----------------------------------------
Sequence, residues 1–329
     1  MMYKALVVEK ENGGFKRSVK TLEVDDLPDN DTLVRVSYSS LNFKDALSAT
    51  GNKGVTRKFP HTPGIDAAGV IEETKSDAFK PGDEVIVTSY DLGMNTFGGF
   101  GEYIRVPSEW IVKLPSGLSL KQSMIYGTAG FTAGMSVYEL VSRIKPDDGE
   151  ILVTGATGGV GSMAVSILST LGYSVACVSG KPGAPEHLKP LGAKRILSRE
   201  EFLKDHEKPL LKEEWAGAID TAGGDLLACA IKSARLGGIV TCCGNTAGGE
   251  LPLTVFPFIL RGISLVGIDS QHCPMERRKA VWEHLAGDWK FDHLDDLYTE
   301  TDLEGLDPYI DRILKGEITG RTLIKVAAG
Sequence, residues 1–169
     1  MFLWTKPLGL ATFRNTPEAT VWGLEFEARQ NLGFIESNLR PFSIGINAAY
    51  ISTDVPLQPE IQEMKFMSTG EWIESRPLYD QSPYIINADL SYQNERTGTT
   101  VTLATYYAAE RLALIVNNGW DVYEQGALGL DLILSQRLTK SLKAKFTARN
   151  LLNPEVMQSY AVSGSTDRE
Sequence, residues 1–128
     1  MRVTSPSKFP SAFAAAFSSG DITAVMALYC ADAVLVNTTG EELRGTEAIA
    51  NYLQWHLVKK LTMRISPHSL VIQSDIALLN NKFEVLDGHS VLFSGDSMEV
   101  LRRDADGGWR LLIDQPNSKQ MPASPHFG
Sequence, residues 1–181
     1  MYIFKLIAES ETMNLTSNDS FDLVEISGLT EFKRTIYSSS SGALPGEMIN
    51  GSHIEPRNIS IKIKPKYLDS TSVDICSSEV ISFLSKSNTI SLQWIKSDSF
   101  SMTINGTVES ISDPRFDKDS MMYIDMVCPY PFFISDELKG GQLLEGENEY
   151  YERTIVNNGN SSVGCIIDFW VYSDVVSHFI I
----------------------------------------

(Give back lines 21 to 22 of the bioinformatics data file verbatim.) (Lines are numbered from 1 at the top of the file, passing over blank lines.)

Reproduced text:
   101  SMTINGTVES ISDPRFDKDS MMYIDMVCPY PFFISDELKG GQLLEGENEY
   151  YERTIVNNGN SSVGCIIDFW VYSDVVSHFI I